Silver Medal: Yoenis Cespedes, Athletics
In most years, Cespedes would be the clear favorite for Rookie of the Year. He’s 2nd among A.L. rookies in batting average, OBP, slugging, home runs, runs batted in, hits, and runs. All while helping lead the surprising Athletics into playoff contention on Labor Day weekend. Sadly for Cespedes, he’s second in all those statistics and is getting blown out by this next player.
Gold Medal: Mike Trout, Angels
See all the stuff I said Cespedes was second in? He trails Trout in all of those categories. It’s not a question of if Trout is the Rookie of the Year anymore, it’s if he’s still the A.L. MVP.
Just off the Podium: Matt Moore, Rays, Yu Darvish, Rangers, Jose Quintana, White Sox, Ryan Cook, Athletics, Jarrod Parker, Athletics, Tommy Milone, Athletics, Addison Reed, White Sox, Wei-Yin Chen, Orioles, Will Middlebrooks, Red Sox, and Quintin Berry, Tigers
National League Cy Young
Bronze Medal: Johnny Cueto, Reds
This is the most wide open awards race in all of Major League Baseball. There are 10+ players who have a good to great case on why they should win the trophy. Here is Cueto’s case. He leads the senior circuit in wins, ERA, and pitcher WAR. Cueto has been the best starter on the team with the best record in the league. He’s still underrated if that’s possible.
Silver Medal: Aroldis Chapman, Reds
It took me all month to decide that with all of these starters with similar numbers, why not give it to a player that has been utterly dominant in a relief role? Then on the last day of the month I got swayed back to one of the starters that we’ll get to next. Chapman’s numbers have been video game-esque. He is 2nd in the N.L. in saves with 33, impressive considering he lost nine saves at the start of the season to Sean Marshall. Even more impressive though is his 1.27 ERA, 0.71 WHIP, and an astonishing 113 K in 64 IP, good for an eye-popping 15.9 K/9.
Gold Medal: R.A. Dickey, Mets
I’m back on the R.A. Dickey bandwagon! I’m sorry about that month where he wasn’t great and I dropped him out of the top 3 in my rankings. Let me apologize by putting him back in the top spot. I watched Dickey’s start against the Marlins on 8/31 and it was just awesome. Dickey posted his N.L. leading 3rd shutout of the season, 5th complete game, and tied Cueto with 17 wins. The shutout also lowered his ERA down to 2.63, good enough for a tied for 2nd with Jordan Zimmermann. Dickey is also top 3 in WHIP, strikeouts, innings pitched, and pitcher WAR. He’s been one of the best stories in MLB this season.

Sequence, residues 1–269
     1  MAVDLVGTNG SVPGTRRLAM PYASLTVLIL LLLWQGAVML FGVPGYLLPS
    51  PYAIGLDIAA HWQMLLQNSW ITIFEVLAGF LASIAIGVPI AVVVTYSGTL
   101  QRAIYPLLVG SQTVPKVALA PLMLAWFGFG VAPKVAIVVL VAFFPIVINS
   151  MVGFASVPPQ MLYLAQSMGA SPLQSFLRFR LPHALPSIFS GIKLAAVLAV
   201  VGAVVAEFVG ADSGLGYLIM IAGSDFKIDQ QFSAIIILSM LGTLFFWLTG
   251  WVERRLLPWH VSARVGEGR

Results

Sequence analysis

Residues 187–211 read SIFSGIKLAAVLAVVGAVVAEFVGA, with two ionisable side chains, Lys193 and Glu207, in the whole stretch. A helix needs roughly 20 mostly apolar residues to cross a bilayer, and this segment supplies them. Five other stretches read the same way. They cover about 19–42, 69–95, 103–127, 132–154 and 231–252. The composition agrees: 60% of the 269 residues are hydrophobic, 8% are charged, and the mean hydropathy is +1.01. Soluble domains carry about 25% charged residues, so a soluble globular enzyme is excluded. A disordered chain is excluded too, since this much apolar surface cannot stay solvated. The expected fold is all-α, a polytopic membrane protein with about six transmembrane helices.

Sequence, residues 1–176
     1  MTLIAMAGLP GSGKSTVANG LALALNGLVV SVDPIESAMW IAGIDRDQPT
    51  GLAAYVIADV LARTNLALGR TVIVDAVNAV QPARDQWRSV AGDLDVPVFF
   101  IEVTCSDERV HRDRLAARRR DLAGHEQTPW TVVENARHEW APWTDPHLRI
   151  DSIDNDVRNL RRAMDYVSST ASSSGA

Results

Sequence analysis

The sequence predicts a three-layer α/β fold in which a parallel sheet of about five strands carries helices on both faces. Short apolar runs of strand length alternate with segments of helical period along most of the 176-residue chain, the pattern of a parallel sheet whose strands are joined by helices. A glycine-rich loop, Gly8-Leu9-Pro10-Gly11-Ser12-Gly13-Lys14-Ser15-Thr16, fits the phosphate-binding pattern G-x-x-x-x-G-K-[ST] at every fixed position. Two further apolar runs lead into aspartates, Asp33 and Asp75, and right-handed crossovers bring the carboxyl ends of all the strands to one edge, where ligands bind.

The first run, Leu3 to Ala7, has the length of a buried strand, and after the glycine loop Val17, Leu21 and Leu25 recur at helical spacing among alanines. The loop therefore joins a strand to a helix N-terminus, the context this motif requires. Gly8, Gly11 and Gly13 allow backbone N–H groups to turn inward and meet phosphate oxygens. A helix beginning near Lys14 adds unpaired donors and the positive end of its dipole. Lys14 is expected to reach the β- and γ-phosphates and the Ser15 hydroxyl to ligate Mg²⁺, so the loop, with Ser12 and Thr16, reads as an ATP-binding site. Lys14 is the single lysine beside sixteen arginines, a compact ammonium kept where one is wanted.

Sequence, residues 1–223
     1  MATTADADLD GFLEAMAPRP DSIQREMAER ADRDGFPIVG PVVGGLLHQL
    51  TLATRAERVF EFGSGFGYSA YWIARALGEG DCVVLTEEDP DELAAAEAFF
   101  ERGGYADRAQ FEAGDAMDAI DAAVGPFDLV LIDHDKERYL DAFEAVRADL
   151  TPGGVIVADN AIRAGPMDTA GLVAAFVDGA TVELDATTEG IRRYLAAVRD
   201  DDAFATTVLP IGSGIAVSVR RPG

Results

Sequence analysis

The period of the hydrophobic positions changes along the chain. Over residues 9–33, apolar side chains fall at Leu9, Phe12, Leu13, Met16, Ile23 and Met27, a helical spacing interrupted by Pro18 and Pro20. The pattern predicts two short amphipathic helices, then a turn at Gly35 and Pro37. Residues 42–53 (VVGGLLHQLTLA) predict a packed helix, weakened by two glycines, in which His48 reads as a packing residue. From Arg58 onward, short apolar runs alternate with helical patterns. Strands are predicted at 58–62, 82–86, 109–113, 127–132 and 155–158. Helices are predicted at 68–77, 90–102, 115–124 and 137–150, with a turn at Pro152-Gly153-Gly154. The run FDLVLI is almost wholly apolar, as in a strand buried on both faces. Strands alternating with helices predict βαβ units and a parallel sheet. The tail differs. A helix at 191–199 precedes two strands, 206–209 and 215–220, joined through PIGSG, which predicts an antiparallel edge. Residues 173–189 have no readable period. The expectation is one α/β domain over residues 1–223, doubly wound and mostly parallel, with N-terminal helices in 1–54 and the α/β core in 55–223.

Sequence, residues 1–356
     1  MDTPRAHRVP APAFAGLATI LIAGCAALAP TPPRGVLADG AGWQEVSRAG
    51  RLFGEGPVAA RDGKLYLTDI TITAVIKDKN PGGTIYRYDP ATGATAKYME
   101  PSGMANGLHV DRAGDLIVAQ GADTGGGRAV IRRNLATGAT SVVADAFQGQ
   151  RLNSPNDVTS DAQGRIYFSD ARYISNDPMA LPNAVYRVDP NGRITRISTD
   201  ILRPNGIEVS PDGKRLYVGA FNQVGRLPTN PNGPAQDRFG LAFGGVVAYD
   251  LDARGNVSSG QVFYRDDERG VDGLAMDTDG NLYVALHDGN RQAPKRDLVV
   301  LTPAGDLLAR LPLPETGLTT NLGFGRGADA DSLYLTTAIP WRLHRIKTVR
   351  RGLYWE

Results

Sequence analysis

Just off the Podium: Clayton Kershaw, Dodgers, Matt Cain, Giants, Madison Bumgarner, Giants, Jordan Zimmermann, Nationals, Gio Gonzalez, Nationals, Stephen Strasburg, Nationals, Wade Miley, Diamondbacks, Cole Hamels, Phillies, Kyle Lohse, Cardinals, Craig Kimbrel, Braves
American League Cy Young
Bronze Medal: David Price, Rays
Oh no! The Sale spot is gone! It was fun while it lasted, but Sale and Jered Weaver’s sub-par August’s knock them out of my top 3. Enter David Price who leads the best rotation in the American League this season. Price is second in ERA (2.53), tied for 1st in wins (16), 5th in pitcher WAR (4.9), 6th in strikeouts (170), and 7th in WHIP (1.10).
Silver Medal: Justin Verlander, Tigers
Verlander has still been his usual great self this season leading the A.L. in pitcher WAR, strikeouts, complete games, and innings pitched. He’s provided solid peripherals while keeping the Tigers in the playoff hunt. Verlander having his worst month of the season though in August opened up the door for another pitcher to take his #1 position. Then again, Verlander’s worst month is still a pretty good month for most pitchers.
Gold Medal: Felix Hernandez, Mariners
This is not a “oh Felix Hernandez threw a perfect game, he should win the Cy Young” pick. King Felix has the goods to win his 2nd Cy Young award. He leads the American League in ERA (2.43), innings pitched, HR allowed/9 (0.2!) and shutouts (5). Hernandez has more shutouts than any pitcher in the American League, except Verlander, has complete games. Plus, that perfect game was pretty awesome.
Just off the Podium: Jered Weaver, Angels, Chris Sale, White Sox, Hiroki Kuroda, Yankees, Matt Harrison, Rangers, Jim Johnson, Orioles, Fernando Rodney, Rays
National League MVP
Bronze Medal: Ryan Braun, Brewers
If the award was “Most Outstanding Player” Braun’s case would be that much better. He leads the National League in home runs (36), runs batted in (92), slugging, and OPS. Braun is doing all of this without the protection he had from Prince Fielder in his MVP season just a year ago. If Fielder was still around and the Brewers were in the playoff hunt, it might be Braun in the pole position for back-to-back MVP’s. Instead, he’s merely in the hunt.
Silver Medal: Buster Posey, Giants
Posey has been a man on a mission in the 2nd half of season hitting .388 with a 1.131 OPS. Posey is top 6 in batting average, slugging, OBP, OPS, and offensive WAR. He also has handled one of the top pitching staffs in the league at catcher, while leading them to the top of the N.L. West at the start of September. Posey will need to stay hot as San Francisco continues to look for offense with Melky Cabrera suspended for the rest of the season.
Gold Medal: Andrew McCutchen, Pirates